Sidney supported efforts to reform religion along Calvinist lines both in En­gland and on the Continent. In 1583 he was knighted so that he could serve as proxy for the installation as knight of the Garter of John Casmir, count palatine; Elizabeth proffered titles for both rather than offering financial or military sup­port for the Protestant cause in the Netherlands. In 1585 Elizabeth sent Leicester as general over English forces in the Netherlands; she also named Sidney gov­ernor of Flushing. Leicester appointed Sidney colonel of a Zeeland regiment in 1586. At the Battle of Zutphen in 1586, Sidney was wounded by musket fire and died shortly thereafter.
Bibliography
K. Duncan-Jones, Sir Philip Sidney: Courtier Poet, 1991.
B. Worden, The Sound of Virtue: Philip Sidney's "Arcadia" and Elizabethan Politics, 1996.
Karen Nelson

Renaissance and Reformation 1500-1620: A Biographical Dictionary. . 2001.

Look at other dictionaries:

  • Sidney, Sir Philip — born Nov. 30, 1554, Penshurst, Kent, Eng. died Oct. 17, 1586, Arnhem, Neth. English courtier, statesman, soldier, and poet. Born into an aristocratic family and educated to be a statesman and soldier, Sidney served in minor official posts and… …   Universalium

  • Sidney, Sir Philip — (1554 1586)    Born at Penshurst, Kent, the godson of Philip II of Spain, Queen Mary s husband, he was educated at Christ Church College, Oxford, but did not graduate. A favorite of Queen Elizabeth, he was sent on several diplomatic missions, was …   British and Irish poets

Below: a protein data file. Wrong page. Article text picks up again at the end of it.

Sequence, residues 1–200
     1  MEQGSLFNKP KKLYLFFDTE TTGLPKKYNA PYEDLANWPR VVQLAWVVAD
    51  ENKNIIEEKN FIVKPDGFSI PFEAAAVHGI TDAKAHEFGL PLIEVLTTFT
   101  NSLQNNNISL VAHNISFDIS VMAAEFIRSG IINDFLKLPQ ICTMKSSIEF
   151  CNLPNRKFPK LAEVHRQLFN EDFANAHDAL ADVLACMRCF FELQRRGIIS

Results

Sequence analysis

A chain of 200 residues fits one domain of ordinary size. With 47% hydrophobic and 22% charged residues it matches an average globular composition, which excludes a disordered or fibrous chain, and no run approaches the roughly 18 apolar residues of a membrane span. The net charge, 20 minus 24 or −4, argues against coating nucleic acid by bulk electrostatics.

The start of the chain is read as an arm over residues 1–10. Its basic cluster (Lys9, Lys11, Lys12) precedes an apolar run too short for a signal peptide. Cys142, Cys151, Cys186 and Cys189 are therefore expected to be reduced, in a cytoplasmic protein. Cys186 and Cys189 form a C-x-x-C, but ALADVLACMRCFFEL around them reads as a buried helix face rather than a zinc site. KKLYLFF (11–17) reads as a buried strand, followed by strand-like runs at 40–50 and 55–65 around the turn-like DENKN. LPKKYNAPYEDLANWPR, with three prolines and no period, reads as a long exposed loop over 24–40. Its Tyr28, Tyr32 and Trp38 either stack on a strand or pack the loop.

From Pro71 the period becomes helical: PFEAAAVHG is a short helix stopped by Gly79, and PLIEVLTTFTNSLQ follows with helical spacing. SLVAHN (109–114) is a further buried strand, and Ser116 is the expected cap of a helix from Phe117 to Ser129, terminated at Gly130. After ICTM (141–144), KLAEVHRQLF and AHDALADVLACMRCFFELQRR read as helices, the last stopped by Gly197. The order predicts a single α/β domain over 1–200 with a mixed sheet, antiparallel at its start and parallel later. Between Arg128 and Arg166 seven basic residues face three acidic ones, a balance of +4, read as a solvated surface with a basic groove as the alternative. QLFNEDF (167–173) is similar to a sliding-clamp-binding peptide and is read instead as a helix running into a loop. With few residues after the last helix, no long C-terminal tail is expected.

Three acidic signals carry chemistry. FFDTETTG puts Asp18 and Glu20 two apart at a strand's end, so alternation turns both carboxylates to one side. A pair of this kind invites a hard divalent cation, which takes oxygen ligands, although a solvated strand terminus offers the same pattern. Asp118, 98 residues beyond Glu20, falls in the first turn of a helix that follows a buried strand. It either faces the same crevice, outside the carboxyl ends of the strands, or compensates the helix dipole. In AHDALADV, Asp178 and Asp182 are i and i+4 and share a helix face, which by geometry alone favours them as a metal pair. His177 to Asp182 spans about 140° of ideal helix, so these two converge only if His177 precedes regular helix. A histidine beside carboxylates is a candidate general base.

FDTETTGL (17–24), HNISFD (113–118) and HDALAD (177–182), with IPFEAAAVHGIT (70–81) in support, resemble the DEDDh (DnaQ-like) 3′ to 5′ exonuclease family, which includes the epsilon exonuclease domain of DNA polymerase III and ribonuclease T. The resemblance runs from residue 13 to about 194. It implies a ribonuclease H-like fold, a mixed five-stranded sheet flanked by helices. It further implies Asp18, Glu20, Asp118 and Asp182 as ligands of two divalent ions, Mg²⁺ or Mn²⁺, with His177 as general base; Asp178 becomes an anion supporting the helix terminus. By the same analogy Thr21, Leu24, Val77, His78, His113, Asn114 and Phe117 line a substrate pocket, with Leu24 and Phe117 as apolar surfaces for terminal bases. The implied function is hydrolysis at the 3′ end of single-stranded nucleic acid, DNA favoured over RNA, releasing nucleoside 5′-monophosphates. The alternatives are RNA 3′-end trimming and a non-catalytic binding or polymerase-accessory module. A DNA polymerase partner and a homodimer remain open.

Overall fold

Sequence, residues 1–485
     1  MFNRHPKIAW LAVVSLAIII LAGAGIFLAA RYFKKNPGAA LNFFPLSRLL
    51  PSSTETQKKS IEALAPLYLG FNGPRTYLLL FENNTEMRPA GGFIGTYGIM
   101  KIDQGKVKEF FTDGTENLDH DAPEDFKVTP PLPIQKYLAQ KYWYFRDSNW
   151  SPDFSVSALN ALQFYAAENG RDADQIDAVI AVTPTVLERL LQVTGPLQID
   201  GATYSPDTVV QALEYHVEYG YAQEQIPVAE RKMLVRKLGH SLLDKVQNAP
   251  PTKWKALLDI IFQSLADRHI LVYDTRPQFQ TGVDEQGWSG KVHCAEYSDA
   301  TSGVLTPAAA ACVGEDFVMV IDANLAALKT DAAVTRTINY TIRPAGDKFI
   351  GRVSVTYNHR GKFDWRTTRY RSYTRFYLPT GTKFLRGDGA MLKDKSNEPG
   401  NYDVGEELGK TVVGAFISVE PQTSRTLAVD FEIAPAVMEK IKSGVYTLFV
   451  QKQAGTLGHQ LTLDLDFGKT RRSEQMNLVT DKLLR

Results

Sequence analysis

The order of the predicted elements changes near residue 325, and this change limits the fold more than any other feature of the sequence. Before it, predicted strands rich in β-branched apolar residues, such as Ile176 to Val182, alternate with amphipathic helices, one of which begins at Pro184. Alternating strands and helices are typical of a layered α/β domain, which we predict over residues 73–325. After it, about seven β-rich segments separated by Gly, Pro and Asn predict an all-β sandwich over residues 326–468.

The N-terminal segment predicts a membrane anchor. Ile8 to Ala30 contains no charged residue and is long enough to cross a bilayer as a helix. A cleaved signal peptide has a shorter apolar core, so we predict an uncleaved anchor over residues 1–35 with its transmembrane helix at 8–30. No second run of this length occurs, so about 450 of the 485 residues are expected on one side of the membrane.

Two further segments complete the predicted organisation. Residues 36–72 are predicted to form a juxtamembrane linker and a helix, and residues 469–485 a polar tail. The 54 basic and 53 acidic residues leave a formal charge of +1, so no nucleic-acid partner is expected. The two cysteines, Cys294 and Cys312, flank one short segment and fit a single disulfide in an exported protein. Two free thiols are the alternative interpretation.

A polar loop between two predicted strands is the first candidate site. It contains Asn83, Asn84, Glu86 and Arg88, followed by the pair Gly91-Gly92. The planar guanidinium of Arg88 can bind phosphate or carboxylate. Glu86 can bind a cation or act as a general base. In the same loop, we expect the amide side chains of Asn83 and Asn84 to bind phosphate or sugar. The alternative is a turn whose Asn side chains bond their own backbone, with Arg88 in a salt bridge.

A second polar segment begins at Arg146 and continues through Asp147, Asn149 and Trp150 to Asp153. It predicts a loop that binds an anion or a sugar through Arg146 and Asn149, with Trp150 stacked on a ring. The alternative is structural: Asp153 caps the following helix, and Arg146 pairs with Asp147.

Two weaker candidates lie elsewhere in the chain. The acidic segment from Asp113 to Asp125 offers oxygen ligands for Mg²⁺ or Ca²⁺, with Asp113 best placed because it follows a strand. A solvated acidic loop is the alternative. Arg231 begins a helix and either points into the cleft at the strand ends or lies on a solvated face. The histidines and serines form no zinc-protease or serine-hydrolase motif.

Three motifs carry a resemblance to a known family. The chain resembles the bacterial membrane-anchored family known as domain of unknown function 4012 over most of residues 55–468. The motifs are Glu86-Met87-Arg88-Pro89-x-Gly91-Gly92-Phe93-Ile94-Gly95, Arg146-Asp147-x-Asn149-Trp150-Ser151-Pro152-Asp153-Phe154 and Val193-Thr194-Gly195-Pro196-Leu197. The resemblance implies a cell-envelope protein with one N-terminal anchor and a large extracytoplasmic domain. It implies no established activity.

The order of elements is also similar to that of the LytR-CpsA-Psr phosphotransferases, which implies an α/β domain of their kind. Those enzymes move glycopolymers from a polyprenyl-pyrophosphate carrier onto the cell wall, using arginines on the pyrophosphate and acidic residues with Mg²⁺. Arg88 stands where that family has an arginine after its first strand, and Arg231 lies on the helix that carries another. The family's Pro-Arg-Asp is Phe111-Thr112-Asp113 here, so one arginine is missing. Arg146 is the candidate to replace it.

• Sidney,Sir Philip — Sid·ney (sĭdʹnē), Sir Philip. 1554 1586. English poet, politician, and soldier. His works include the sonnet sequence Astrophel and Stella and the collection of pastoral idylls Arcadia, both published posthumously. * * * …   Universalium

  • Sidney, Sir Philip — (1554 1586)    Poet and romancist, s. of Sir Henry S., Deputy of Ireland, and Pres. of Wales, b. at the family seat of Penshurst, and ed. at Shrewsbury School and Oxf. He was at the French Court on the fateful August 24, 1572 the massacre of St.… …   Short biographical dictionary of English literature

  • SIDNEY, SIR PHILIP —    poet, and one of the most attractive figures at Elizabeth s court, born at Penshurst, Kent, the son of Sir Henry Sidney, lord deputy of Ireland; quitted Oxford in 1572, and in the manner of the time finished his education by a period of… …   The Nuttall Encyclopaedia

  • Sidney, Sir Philip — (30 nov. 1554, Penshurst, Kent, Inglaterra–17 oct. 1586, Arnhem, Holanda). Cortesano, estadista, soldado y poeta inglés. Nació en el seno de una familia aristocrática y fue educado para ser un estadista y soldado; Sidney sirvió en puestos… …   Enciclopedia Universal

  • Sidney, Sir Philip —  (1554–1586) English poet …   Bryson’s dictionary for writers and editors

  • Sir Philip Sidney — Philip Sidney Sir Philip Sidney (* 30. November 1554 in Penshurst, Kent; † 17. Oktober 1586 in Arnheim[1]) war ein englischer Staatsmann, Soldat und Schriftsteller. Er war einer der ersten bedeutenden Autoren von englischer Prosa …   Deutsch Wikipedia

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  • Sir Philip Sidney game — In biology and game theory, the Sir Philip Sidney game is used as a model for the evolution and maintenance of informative communication between relatives. Developed by John Maynard Smith as a model for chick begging behavior, it has been studied …   Wikipedia